During a conversation, people consider eye contact to be one of the most important aspects of showing interest, attention and sometimes even respect. But keeping eye contact does not come naturally or easily to everyone. There are several reasons why some people find it very difficult to look someone in the eye for an extended amount of time. This reason doesn’t always have to be a lack of interest or focus, it can be social anxiety, shyness or in some cases a symptom of being on the autism spectrum and that is what we are going to discuss.
The inability to keep eye contact is one of the most easily recognised symptoms of autism. A lot of children on the autism spectrum find it increasingly hard to look other people in the eyes and this is sometimes misinterpreted as them being uninterested or not focusing on what the other person is saying even though most of the time that is not the case at all.
Why do children with autism find it difficult to keep eye contact?
There are several reasons why some children on the autism spectrum might find it hard to keep eye contact. But we can narrow it down to some of the most common reasons and go from there.
Should you encourage your autistic child to make direct eye contact?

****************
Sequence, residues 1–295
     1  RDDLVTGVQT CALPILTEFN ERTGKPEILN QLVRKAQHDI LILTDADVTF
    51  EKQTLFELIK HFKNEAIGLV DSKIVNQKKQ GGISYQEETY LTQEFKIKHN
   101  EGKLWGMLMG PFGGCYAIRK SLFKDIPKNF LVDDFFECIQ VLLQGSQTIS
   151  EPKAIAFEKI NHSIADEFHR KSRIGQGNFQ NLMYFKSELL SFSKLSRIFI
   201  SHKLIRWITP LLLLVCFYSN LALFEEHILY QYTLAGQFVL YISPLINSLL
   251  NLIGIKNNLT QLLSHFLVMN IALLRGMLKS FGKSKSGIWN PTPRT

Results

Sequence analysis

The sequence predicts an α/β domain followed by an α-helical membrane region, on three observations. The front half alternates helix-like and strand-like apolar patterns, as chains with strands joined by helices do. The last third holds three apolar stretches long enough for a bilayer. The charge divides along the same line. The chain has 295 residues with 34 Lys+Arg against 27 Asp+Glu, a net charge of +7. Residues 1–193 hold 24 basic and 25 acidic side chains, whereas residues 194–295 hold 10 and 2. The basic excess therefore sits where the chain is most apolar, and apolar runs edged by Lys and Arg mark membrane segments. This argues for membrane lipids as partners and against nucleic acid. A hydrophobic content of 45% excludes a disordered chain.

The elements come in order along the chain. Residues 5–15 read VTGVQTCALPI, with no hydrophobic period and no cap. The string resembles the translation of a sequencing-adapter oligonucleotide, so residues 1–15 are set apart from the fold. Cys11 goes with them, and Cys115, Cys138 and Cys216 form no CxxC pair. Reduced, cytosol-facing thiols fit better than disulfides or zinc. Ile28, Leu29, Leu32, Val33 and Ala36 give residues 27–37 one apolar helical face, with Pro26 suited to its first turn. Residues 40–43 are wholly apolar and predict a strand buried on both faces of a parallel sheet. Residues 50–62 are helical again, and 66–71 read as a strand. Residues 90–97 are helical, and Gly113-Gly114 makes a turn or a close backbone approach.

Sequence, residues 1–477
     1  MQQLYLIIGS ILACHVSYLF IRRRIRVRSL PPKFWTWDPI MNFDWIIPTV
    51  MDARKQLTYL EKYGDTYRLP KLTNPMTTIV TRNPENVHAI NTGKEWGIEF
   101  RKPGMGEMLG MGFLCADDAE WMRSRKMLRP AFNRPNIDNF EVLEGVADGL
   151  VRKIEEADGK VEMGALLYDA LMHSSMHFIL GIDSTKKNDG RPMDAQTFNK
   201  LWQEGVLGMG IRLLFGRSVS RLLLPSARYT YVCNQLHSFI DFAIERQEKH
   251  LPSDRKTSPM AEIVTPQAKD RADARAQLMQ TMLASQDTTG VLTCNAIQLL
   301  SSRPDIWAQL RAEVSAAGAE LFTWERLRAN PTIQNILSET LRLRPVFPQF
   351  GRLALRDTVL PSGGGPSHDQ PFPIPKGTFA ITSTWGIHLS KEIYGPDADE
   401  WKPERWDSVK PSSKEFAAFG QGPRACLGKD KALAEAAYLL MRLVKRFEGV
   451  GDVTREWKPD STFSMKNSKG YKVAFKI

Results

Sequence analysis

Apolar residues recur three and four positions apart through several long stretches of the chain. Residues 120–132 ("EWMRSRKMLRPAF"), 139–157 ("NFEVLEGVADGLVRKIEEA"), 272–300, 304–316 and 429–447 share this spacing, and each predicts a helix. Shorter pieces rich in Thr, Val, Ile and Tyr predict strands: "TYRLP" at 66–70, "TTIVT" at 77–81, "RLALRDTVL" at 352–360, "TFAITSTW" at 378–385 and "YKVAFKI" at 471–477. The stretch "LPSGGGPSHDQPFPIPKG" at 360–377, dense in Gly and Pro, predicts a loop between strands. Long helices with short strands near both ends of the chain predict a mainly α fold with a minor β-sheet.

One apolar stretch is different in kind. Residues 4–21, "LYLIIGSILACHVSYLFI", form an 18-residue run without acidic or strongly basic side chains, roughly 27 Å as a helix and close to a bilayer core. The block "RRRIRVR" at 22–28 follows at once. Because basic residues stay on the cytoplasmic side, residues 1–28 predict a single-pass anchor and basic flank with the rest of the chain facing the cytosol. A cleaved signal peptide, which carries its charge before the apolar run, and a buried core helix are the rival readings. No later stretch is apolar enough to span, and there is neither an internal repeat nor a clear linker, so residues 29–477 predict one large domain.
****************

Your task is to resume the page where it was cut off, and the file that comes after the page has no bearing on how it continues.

It depends. Test it gradually. But first thing is figure out the reason why you want them to make eye contact in the first place. Is it because they don’t pay attention unless they do or is it just a social expectancy?
If it’s an attention thing, then during conversation try prompting them to look at you and keep track of their reaction and whether the problem is them remembering to make eye contact in the first place or them finding it difficult to physically make eye contact.
With time, some autistic children learn to make eye contact, and many will naturally make it when they are relaxed, but if they find it too difficult or it just makes their attention worse because they’re putting too much effort into it then don’t force it upon them. You can try to teach them to look at other parts of the face like the mouth or they can look at a point over the person's shoulder for example. If keeping their eyes fixed is too hard, they can also learn to nod occasionally, or make confirmation sounds during the conversation so the person in front of them knows they are paying attention even if they’re not making eye contact.
First and foremost, making eye contact is a social expectation. In some cultures looking a person in the eye, especially an older person, is a sign of disrespect not the other way around. And for some people, making eye contact can trigger their social anxiety and make it harder for them to carry a conversation instead of the expectation of eye contact helping with keeping someone’s attention.
Your autistic child might have different reasons but they’re reasons all the same and should be put into consideration. Encourage them to try but know their limits and always, always be supportive no matter the outcome.
You can also check out our Top Tips video about autistic children and eye contact: